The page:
If you’re a strength athlete, walks are especially important. They help get your muscles moving and your blood pumping to help aid your muscle recovery process. Going for long and/or vigorous walks also helps improve your cardiovascular endurance, which can come in handy when you’re trying to increase your work capacity in the gym.
How to Do It
- Stand tall with your shoulders back and down, away from your ears.
- Take a step forward with one foot, then the next.
- Keep your arms comfortable and relaxed at your sides.
- You can move as slowly or as quickly as you’d like.
Customize your daily walks to your current ability level. If you’re coming back from injury or experience chronic pain, a few minutes of slow walking at a time may be all your body needs for the moment. Gradually increase your time and then, when you’re able, increase the pace.
How to Integrate Stretching at Work
If you’ve got five minutes to spare, you have enough time to integrate an effective, complete five-minute mobility routine. But if you hate stretching or just don’t know how to put those five minutes aside during your work day, rest assured. You can integrate at-work stretches into your day on your own terms.
Set a timer on your phone to go off every hour. When it rings, take a quick scan of your body. Ask yourself what parts of your body feel tight or like they could just use a bit of movement. It could be that your neck is tense because you’ve been hunched forward over your phone. Or you might find that your legs are cramping under your desk and you need to get out and take a stroll.
Once you identify which part of your body needs to be stretched, turn to these at-work stretches to help. Opening up through your shoulders and taking deep breaths can help when you’re stressed from that last meeting and your upper body needs a break. Opt for torso twists or chair poses when your whole body needs a recharge.
Hold static stretches between 30 seconds and one minute per side. Perform dynamic stretches (like torso twists) for the same amount of time, making sure to keep reps even on both sides. If you’re taking a walk, try to get at least a five to 10-minute stroll in. Remember to breathe during every kind of stretch.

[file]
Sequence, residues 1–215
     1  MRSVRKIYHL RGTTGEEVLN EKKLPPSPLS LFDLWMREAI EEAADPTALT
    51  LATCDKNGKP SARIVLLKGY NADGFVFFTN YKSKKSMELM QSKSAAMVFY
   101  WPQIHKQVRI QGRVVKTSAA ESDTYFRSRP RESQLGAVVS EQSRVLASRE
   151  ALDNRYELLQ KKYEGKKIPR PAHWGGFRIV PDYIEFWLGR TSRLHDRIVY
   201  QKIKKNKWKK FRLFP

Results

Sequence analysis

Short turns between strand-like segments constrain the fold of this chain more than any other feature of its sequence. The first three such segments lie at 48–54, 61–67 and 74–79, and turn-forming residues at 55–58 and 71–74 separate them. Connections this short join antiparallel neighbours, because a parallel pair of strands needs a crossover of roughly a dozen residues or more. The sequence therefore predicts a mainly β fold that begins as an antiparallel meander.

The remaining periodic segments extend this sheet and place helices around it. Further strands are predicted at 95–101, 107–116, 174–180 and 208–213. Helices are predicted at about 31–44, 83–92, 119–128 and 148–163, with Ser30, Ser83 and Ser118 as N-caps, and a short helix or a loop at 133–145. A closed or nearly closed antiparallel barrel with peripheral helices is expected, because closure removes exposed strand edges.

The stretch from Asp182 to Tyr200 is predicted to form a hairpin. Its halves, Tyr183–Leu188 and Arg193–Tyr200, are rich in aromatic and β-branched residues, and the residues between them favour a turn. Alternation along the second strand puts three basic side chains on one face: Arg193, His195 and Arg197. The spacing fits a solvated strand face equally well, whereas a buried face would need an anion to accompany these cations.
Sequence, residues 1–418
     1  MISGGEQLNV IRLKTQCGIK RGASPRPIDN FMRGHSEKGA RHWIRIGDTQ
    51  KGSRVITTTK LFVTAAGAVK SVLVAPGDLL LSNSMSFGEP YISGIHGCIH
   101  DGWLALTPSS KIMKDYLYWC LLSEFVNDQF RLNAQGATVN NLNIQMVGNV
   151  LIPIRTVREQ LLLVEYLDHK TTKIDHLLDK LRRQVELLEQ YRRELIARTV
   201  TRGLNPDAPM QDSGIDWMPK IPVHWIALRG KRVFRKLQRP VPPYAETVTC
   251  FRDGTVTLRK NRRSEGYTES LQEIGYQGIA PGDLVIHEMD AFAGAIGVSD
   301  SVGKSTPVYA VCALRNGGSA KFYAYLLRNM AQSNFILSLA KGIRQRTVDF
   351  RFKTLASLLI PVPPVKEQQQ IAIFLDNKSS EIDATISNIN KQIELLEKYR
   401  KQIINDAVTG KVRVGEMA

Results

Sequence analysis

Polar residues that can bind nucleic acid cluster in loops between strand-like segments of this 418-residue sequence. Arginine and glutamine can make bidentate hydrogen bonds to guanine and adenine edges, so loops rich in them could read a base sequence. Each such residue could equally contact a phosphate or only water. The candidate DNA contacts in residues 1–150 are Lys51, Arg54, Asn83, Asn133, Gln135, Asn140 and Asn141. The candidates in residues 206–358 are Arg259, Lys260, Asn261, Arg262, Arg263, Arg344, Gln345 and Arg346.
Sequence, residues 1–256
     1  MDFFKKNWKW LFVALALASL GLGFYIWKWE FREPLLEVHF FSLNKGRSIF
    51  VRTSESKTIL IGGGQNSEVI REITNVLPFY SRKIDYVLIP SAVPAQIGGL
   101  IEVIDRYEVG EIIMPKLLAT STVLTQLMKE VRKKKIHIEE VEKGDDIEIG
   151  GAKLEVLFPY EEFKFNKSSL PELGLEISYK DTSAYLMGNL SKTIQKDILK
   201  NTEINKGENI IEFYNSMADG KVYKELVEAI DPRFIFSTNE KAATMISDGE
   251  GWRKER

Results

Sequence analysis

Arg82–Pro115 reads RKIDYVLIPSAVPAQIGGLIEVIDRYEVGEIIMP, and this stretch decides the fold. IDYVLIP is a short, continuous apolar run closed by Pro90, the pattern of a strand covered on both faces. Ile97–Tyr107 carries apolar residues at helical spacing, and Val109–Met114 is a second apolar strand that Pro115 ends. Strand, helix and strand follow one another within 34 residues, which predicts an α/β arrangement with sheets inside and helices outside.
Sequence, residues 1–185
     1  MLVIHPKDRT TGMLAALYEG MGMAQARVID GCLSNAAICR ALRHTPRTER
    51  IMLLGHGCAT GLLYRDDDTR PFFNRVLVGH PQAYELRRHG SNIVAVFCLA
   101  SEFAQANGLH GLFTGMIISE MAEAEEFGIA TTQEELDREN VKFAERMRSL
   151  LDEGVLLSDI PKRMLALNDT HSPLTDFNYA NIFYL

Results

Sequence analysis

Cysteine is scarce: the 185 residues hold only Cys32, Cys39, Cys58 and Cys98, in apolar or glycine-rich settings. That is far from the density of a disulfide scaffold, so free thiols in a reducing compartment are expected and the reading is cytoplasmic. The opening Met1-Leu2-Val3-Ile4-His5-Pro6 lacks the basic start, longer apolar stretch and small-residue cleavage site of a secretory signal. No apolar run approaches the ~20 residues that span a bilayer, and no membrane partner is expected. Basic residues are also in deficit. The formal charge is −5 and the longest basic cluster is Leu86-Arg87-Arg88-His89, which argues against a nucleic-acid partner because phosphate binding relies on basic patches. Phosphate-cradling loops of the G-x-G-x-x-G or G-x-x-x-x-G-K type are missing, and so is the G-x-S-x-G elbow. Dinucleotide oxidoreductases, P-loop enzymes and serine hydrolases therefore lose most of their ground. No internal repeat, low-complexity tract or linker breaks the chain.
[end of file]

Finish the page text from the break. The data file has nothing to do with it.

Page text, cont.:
Work Your Stretches
Putting in the work on the lifting platform is essential to sliding more weight plates onto the bar. But if you want to be as effective as possible in getting strong, you’ll have to put in some work outside of the gym, too.
Focusing on your mobility training is a spectacular way to improve your big barbell lifts while also breaking up the sedentary stillness of the workday. Instead of remaining still all day at work, use these at-work stretches to get more mobile and stronger all at once.
- Jerath R, Edry JW, Barnes VA, Jerath V. Physiology of long pranayamic breathing: neural respiratory elements may provide a mechanism that explains how slow deep breathing shifts the autonomic nervous system. Med Hypotheses. 2006;67(3):566-71.
- Saeed SA, Cunningham K, Bloch RM. Depression and Anxiety Disorders: Benefits of Exercise, Yoga, and Meditation. Am Fam Physician. 2019 May 15;99(10):620-627.
- Manini TM, Carr LJ, King AC, Marshall S, Robinson TN, Rejeski WJ. Interventions to reduce sedentary behavior. Med Sci Sports Exerc. 2015 Jun;47(6):1306-10.
- Nieman DC, Wentz LM. The compelling link between physical activity and the body’s defense system. J Sport Health Sci. 2019 May;8(3):201-217.
- Soroush A, Der Ananian C, Ainsworth BE, Belyea M, Poortvliet E, Swan PD, Walker J, Yngve A. Effects of a 6-Month Walking Study on Blood Pressure and Cardiorespiratory Fitness in U.S. and Swedish Adults: ASUKI Step Study. Asian J Sports Med. 2013 Jun;4(2):114-24.
Featured Image: fizkes / Shutterstock